By Dr. Laura Cavarreta
Panic Disorder in Teenagers
Panic attacks are short (typically less than 15 minute) episodes of intense fear that are often accompanied by serious physical symptoms and uncontrollable feelings of dread and doom. A panic attack differs from a normal fear response in that it strikes without the presence of a real threat or an oncoming attack. A person who experiences several panic attacks may develop a panic disorder, where the sufferer begins to spend a significant amount of their time worrying about having another attack, worrying that they are losing their mind, or changing their daily routine because of the panic attacks.
It’s possible to have just one panic attack without ever experiencing another one, and without developing a panic disorder. For those who do develop a panic disorder, however, the condition can be debilitating. Those with a panic disorder may avoid situations or locations where they’ve previously had an attack, leading to serious disruptions in daily life and activities.
Since panic disorder is largely defined by the presence of panic attacks, symptoms of panic attacks are fundamental to understanding the symptoms of panic disorder. An individual may be experiencing a panic attack if the following occurs:
- A sudden surreal feeling of detachment from oneself
- Difficulty breathing and feelings of choking
- An accelerated heart rate
- Dizziness and nausea
- Numbness and tingling sensations
- A sudden feeling of intense fear and/or anxiety
- Abdominal discomfort
- Chest pain
- Fear of dying
According to the Diagnostic and Statistical Manual of Mental Disorders, Fifth Edition (DSM-5). A panic attack is defined as a discrete period of intense fear or discomfort, often accompanied by physical symptoms such as palpitations and trembling. Experiencing repeated, consistent panic attacks that get in the way of everyday functioning is considered a defining symptom of panic disorder.
Around 40-70% of those who experience panic attacks may also experience nocturnal panic attacks, where an afflicted person will wake up suddenly in that the night feeling strong dread, chest tightness, or other symptoms of a panic attack. Though night attacks are usually shorter than daytime occurrences, it may take longer to fully alleviate symptoms of a nighttime attack.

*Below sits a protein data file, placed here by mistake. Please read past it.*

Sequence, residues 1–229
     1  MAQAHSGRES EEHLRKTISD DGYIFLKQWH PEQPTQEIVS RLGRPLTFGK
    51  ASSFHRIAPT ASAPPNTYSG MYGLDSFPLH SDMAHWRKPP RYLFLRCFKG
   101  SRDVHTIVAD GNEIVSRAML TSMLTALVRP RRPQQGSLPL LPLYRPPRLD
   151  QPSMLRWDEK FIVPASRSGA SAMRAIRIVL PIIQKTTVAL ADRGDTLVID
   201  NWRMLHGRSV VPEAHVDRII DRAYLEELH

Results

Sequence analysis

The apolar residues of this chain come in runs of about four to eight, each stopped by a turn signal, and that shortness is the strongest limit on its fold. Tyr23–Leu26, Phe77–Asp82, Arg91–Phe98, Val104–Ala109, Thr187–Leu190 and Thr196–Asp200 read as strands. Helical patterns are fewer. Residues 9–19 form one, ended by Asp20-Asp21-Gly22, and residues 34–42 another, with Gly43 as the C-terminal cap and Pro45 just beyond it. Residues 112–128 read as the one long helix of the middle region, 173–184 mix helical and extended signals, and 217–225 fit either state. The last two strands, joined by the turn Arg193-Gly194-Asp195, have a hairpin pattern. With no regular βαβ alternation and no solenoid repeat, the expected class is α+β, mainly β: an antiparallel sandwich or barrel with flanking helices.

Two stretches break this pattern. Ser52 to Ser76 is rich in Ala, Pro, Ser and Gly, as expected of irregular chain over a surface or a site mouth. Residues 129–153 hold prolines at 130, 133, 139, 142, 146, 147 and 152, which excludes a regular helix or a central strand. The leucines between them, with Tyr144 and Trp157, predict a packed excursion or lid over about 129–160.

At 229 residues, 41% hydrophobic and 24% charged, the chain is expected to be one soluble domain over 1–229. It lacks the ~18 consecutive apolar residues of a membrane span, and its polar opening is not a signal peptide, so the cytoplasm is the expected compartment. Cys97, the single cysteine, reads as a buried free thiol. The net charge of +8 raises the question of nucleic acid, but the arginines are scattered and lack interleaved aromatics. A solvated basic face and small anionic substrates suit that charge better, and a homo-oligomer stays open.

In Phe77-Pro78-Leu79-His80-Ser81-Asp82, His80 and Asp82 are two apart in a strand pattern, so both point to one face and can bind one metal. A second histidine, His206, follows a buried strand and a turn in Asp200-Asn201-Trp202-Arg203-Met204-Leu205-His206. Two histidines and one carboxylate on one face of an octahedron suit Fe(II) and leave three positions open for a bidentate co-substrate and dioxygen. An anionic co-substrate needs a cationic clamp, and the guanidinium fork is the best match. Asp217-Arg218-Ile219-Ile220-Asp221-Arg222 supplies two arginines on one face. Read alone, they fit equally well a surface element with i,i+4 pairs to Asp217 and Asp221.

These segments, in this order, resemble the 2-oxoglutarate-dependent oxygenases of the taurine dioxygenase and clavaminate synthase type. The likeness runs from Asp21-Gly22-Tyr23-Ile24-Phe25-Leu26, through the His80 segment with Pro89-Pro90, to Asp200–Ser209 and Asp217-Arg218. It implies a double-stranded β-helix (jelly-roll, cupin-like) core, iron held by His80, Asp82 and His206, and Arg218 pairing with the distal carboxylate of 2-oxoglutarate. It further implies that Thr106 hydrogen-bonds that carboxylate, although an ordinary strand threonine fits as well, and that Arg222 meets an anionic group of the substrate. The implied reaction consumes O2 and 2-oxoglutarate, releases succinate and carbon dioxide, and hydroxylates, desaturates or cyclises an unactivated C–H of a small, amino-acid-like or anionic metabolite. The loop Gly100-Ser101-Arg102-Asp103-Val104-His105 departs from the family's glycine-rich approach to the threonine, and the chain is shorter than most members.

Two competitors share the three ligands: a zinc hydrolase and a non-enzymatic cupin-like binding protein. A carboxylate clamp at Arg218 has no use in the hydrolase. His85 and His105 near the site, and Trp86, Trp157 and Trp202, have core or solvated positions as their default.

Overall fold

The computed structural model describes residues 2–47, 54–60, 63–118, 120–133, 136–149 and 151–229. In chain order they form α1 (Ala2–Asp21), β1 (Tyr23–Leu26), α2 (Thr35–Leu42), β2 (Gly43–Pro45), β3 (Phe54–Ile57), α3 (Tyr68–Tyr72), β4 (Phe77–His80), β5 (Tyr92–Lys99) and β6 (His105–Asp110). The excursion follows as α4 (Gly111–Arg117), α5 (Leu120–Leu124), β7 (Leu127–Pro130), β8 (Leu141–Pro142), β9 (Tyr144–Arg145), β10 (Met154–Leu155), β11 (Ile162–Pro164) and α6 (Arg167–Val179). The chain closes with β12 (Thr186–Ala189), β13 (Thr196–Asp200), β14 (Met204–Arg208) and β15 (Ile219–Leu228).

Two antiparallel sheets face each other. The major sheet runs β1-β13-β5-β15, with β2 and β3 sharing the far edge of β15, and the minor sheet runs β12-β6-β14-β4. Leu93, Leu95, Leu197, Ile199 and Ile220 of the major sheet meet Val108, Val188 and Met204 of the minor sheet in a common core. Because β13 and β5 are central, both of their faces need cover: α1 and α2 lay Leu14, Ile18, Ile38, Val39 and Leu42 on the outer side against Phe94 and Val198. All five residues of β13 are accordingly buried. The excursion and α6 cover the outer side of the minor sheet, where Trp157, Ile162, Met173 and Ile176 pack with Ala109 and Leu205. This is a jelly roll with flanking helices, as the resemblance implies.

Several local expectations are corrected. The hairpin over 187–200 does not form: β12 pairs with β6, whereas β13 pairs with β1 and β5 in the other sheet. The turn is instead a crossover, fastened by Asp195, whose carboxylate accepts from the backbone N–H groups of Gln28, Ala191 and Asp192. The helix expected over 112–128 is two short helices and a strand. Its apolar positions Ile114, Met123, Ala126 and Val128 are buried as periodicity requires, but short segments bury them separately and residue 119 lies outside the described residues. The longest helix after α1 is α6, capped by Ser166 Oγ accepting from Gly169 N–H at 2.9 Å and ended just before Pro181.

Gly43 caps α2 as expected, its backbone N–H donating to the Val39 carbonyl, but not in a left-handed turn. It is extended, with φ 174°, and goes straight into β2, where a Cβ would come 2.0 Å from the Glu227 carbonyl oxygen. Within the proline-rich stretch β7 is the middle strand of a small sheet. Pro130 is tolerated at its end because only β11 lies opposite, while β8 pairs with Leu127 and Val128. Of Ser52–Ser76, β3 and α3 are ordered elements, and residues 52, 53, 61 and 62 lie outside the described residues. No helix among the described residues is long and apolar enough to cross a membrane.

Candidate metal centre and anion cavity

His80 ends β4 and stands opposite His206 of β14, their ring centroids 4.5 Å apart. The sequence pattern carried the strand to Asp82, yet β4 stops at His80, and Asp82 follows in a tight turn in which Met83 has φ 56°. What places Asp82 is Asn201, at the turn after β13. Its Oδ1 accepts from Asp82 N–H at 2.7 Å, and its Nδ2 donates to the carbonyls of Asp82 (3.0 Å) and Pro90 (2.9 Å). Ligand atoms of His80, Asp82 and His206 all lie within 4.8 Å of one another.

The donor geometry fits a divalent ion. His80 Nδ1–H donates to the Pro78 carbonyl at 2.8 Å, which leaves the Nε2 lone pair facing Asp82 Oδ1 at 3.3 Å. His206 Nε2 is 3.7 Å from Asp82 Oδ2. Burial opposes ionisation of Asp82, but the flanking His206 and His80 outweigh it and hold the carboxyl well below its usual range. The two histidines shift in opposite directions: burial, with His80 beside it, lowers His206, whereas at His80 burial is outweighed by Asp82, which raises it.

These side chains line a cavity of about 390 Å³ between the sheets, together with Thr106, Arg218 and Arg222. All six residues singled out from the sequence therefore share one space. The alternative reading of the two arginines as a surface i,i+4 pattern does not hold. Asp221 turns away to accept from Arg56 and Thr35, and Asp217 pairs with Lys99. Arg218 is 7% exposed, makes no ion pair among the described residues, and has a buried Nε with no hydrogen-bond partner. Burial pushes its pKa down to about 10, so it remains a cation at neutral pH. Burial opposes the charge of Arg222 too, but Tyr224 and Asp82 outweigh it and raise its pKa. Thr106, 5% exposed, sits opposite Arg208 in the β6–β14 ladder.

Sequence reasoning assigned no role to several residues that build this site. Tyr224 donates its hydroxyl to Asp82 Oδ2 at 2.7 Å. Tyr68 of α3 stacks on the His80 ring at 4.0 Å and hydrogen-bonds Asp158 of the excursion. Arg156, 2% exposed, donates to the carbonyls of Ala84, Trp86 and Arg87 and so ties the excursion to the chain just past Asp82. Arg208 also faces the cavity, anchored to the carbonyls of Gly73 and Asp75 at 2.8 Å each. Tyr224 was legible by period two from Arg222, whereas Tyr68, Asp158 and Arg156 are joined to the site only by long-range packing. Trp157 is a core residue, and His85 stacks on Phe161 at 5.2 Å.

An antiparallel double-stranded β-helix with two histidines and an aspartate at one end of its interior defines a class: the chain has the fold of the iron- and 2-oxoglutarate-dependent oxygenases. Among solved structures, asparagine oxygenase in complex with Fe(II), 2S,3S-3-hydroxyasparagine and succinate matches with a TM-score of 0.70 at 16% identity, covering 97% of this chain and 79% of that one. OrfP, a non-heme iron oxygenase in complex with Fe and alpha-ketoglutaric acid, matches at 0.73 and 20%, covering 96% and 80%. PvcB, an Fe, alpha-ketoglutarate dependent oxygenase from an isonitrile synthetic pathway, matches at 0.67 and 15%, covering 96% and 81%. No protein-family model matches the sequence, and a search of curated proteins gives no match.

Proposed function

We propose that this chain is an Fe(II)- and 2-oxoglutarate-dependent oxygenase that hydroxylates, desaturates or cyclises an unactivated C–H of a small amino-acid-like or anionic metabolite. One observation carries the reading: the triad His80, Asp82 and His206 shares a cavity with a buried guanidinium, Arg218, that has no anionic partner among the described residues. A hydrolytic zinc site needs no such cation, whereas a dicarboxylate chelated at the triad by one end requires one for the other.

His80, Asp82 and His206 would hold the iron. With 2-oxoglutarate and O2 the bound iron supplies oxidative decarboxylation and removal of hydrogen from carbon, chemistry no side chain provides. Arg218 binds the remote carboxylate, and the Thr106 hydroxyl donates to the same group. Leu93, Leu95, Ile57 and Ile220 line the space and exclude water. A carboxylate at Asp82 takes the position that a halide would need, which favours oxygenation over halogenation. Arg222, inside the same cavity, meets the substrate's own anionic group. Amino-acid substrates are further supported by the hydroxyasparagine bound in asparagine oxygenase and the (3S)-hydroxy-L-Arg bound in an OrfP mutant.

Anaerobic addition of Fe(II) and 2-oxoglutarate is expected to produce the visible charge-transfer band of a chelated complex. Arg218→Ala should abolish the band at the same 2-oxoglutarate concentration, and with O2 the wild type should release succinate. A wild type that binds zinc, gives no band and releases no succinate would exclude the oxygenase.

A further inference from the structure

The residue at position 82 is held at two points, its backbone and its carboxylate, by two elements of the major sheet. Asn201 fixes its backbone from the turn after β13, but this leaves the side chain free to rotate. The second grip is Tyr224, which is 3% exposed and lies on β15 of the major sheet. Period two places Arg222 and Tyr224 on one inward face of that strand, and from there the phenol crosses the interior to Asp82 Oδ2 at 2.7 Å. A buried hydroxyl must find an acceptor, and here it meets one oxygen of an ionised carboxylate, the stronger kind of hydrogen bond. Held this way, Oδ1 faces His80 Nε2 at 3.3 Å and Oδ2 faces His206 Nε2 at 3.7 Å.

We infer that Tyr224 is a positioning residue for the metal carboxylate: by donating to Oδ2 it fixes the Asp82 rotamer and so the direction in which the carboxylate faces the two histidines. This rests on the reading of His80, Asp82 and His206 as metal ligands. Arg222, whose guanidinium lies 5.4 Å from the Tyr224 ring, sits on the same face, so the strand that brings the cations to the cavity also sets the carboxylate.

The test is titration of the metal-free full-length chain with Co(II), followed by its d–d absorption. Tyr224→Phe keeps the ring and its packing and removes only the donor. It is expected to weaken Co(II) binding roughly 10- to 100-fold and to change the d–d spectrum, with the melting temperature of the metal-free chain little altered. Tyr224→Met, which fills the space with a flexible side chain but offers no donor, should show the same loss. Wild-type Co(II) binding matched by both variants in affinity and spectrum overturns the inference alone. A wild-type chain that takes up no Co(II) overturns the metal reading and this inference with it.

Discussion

There is rarely one concrete cause of a panic disorder – disorders develop from the conjunction of factors like brain chemistry, genetics, environmental contributors, upbringing, and life events. However, many of them with no family history of panic disorder, panic attacks, or anxiety may develop the disorder. The onset of panic attacks typically begins in late adolescence or early adulthood, but panic attacks do not always develop into a panic disorder. People with phobias may have an increased risk of panic disorder, and women are twice as likely as men to develop the condition. Panic attacks are frequently triggered by trauma or stressful life experiences, and certain medications, such as Adderall, may increase anxiety levels and cause attacks in prone individuals.
While panic attacks may be one of the most terrifying and unpleasant experiences a person can endure, the good news is that panic attacks and disorders response exceptionally well to treatment. Like most anxiety disorders, both medications and psychotherapy can be effective for panic disorder. Many people fully recover from panic disorder with proper therapy and without the use of medications. That being said, anti-anxiety medications are sometimes used depending upon the frequency and severity of attacks. Supplementing these methods with alternative treatments like meditation, mindfulness training, or yoga may facilitate recovery.
Cognitive Behavioral Therapy (CBT): This psychiatric therapy technique encourages the patient to learn the connection between their thoughts, feelings, and behaviors. This understanding can allow the patient to visualize the underlying cause of their anxiety.
There are several different classes of medications that are often used to treat panic disorder. All of these types of medications can help reduce anxiety, but do so in different ways and with different side effects and risks.
Selective Serotonin Reuptake Inhibitors (SSRIs): A frequently used anti-depressant medication for GAD, SSRIs include fluoxetime (Prozac), sertraline (Zoloft), citalopram (Celexa), escitalopram (Lexapro), paroxetine (Paxil), and fluvoxamine (Luvox).
Benzodiazepines: A frequently used sedative and anti-anxiety medication for GAD, benzodiazepines include diazepam (Valium), lorazepam (Ativan), clonazepam (Klonopin), and alprazolam (Xanax).
Others: There are several other medications that are sometimes prescribed for anxiety and are not SSRIs or benzodiazepines. These include gabapentin (Neurontin), quetiapine (Seroquel), and hydroxyzine (Atarax).
Consult your doctor if you believe you have any of the symptoms related to this disorder and discuss the benefits and risks of any medication or therapy.